Firstly a config node that uses the same authentication details as account linking system to create oAuth token to be used to publish device details to the database and to authenticate with the MQTT broker.

Secondly a input node that pairs with the config node. In the input node settings a device is defined and the actions it can handle are listed.

Hooking it all together

At this point the end to end flow looks something like this:

Alexa -> Lambda -> HTTP to Web app -> MQTT to broker -> MQTT to Node-RED

At this point I’ve left the HTTP app in the middle, but I’m looking at adding direct database access to the Lambda function so it can publish control messages directly via MQTT.

Enough talk, how do I get hold of it!

I’m beta testing it with a small group at the moment, but I’ll be opening it up to everybody in a few days. In the mean time the code is all on github, the web side of all of this can be found here, the Lambda function is here and the Node-RED node is here, I’ll put it on npm as soon as the skill is public.

Alexa Skills with Node-RED

I had a Amazon Echo Dot delivered on release day. I was looking forward to having a voice powered butler around the flat.

Amazon advertise WeMo support, but unfortunately they only support WeMo Sockets and I have a bunch of WeMo bulbs that I’d love to get to work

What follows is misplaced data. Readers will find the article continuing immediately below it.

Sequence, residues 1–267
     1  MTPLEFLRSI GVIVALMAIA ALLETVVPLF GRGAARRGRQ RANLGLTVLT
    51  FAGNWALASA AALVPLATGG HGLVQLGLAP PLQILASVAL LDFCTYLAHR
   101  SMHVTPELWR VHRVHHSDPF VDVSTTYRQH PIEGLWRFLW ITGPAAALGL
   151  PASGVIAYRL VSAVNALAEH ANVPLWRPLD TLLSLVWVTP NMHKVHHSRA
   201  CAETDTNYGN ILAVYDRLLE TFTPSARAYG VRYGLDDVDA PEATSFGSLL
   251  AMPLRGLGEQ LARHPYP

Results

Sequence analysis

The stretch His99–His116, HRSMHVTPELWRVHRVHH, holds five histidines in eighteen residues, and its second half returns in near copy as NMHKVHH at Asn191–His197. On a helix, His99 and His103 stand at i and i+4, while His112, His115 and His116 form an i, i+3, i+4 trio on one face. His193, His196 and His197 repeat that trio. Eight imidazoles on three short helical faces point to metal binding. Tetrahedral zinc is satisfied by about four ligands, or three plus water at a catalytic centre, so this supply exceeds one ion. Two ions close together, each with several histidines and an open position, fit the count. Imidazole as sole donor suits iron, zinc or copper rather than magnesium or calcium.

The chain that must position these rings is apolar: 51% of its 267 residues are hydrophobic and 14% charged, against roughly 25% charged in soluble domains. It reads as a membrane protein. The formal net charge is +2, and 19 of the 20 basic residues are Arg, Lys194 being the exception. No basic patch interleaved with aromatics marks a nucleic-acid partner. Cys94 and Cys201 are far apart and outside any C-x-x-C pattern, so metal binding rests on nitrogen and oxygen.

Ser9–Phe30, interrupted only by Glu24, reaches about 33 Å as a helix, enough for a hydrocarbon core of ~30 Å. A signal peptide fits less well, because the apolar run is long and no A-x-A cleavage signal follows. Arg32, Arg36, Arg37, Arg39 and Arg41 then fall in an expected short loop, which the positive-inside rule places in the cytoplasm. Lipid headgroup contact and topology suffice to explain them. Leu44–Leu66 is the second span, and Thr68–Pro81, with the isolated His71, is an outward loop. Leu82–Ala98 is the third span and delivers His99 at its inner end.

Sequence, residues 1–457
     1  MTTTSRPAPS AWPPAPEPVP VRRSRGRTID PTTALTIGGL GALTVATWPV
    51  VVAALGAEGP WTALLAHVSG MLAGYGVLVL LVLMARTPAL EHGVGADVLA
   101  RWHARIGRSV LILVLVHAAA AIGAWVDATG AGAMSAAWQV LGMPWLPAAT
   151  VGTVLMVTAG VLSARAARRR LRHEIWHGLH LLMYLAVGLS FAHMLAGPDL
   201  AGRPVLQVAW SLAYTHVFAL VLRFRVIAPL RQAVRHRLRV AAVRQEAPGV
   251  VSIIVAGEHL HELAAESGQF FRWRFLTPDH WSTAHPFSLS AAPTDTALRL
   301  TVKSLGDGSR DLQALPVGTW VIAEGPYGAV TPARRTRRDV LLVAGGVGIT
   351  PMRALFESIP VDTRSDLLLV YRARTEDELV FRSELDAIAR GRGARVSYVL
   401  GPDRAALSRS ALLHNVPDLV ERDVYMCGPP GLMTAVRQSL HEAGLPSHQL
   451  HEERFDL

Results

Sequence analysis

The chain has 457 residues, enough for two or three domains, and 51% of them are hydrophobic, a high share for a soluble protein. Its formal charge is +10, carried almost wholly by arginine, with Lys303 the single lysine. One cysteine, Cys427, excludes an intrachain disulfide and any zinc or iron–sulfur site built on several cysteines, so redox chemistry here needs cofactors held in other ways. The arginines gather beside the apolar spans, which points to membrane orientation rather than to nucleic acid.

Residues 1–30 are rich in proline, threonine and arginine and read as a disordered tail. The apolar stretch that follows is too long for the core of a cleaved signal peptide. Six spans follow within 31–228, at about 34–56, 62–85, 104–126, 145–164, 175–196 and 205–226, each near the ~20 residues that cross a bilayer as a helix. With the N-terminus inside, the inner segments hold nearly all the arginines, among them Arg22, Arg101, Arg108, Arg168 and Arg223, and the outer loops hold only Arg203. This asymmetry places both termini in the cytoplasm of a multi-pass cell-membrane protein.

Alexa supports 2 sorts of skills:

  • Normal Skills
  • Home Skills

Normal Skills are triggered by a key word prefixed by either “Tell” or “Ask”. These are meant for information retrieval type services, e.g. you can say “Alexa, ask Network Rail what time the next train to London leaves Southampton Central”, which would retrieve train time table information. Implementing these sort of skills can be as easy as writing a simple REST HTTP endpoint that can handle the JSON format used by Alexa. You can also use AWS Lambda as an endpoint.

Home Skills are a little trickier, these only support Lambda as the endpoint. This is not so bad as you can write Lambda functions in a bunch of languages like Java, Python and JavaScript. As well as the Lambda function you also need to implement a website to link some sort of account for each user to their Echo device and as part of this you need to implement OAuth2.0 authentication and authorisation which can be a lot more challenging.

First Skill

The first step to create a skill is to define it in the Amazon Developer Console. Pick the Alexa tab and then the Alexa Skill Kit.

Defining a new Alexa Skill
Defining a new Alexa Skill

I called my skill Jarvis and set the keyword that will trigger this skill also to Jarvis.